The race to secure supplies of battery metals has received much attention recently--particularly as the supply chain for several of the metals is so concentrated in particular countries (frequently China, which raises geo-political concerns). The availability of these so-called strategic metals has led to both the Trump administration and the European Union announcing several initiatives to secure the supply of those minerals which will be essential for the development of both electric vehicles and emerging battery technology. The key commodities for battery technology are lithium, cobalt, manganese and graphite. Lithium is found in both hard rock and brine format, with the latter being generally considered easier to exploit. Latin America is particularly rich in lithium brines, with Chile and Argentina host to 30.3% and 11.5%, respectively, of global resource estimates. There are very few current battery technologies which contemplate production without lithium. The UN Economic Commission for Latin America and the Caribbean has estimated that the region as a whole holds 61% of global lithium reserves, clearly a strategic position.
According to the UN Economic Commission, Latin America is the region with the most mining-related socioeconomic conflicts worldwide. There are several reasons for this. Given the arid nature of large parts of the areas where mining activity occurs, conflict with local communities over access to water resources is common. The nomadic nature of many remote communities and uncertainties over land entitlement, land access and surface rights also create constant issues for mining companies. For example, the local population in Arequipa, an agricultural area of Peru, have challenged the development of the Tia Maria project for many years. Seven people have lost their lives in pursuing that challenge.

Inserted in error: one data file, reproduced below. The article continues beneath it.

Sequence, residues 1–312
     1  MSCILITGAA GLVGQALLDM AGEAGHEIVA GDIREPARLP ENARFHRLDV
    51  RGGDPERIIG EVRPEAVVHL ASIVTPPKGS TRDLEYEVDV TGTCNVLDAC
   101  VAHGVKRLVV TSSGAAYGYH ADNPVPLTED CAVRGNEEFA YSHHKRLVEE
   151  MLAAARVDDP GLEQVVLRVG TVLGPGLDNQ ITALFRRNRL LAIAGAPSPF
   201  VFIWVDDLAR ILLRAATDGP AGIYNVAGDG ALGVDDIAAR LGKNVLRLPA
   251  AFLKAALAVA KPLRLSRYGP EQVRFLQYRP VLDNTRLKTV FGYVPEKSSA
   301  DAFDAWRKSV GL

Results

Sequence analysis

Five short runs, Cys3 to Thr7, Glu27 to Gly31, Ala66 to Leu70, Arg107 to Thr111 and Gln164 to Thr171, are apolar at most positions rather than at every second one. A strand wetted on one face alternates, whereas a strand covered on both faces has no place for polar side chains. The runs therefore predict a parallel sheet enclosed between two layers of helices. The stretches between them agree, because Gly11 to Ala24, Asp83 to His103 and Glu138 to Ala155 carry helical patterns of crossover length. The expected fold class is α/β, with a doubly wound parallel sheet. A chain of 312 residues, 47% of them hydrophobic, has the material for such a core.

A recent related issue has been the loss of life and the impact on local economic activity arising out of the failure of tailings dams. While mining is at times both a dangerous and environmentally contentious activity, the Latin America region seems to have had more than its fair share of disastrous events in recent times. Two relatively recent tailings dam collapses in Brazil--the Mariana dam in 2015 and the Brumadinho dam in 2019--have attracted possibly the most attention given the significant loss of lives (19 and 270, respectively). The impact of increased mining activity in the Amazon rain forest is also attracting much attention. Many of these issues are viewed through the prism of perceived lax controls and ineffective government regulation.
First and foremost, Latin America hosts significant quantities of minerals and related resources. As such, and notwithstanding perceived regulatory, political and environmental issues, the continent is always going to remain under active consideration for investment by those active in the international resources sector.